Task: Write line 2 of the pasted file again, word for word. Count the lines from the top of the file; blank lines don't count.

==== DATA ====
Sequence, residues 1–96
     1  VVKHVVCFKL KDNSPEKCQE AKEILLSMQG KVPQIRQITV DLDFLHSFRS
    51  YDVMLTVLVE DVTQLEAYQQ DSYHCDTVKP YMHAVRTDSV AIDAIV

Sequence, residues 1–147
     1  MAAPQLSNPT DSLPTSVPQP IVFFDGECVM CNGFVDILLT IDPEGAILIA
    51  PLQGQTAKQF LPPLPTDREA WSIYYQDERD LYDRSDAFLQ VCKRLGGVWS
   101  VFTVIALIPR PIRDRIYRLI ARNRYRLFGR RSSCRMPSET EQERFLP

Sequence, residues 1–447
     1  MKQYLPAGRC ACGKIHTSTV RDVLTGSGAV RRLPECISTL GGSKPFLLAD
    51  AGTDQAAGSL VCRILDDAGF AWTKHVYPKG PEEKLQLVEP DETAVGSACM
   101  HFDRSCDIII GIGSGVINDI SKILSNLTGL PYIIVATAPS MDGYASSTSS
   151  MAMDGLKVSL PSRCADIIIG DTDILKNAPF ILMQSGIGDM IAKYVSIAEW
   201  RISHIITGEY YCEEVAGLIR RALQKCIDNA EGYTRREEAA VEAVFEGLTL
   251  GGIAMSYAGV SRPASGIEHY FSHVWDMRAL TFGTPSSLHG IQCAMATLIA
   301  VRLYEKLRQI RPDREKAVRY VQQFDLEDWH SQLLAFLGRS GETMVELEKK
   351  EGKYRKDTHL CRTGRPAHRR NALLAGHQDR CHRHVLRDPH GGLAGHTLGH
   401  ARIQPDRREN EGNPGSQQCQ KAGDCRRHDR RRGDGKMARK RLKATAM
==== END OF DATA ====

     1  VVKHVVCFKL KDNSPEKCQE AKEILLSMQG KVPQIRQITV DLDFLHSFRS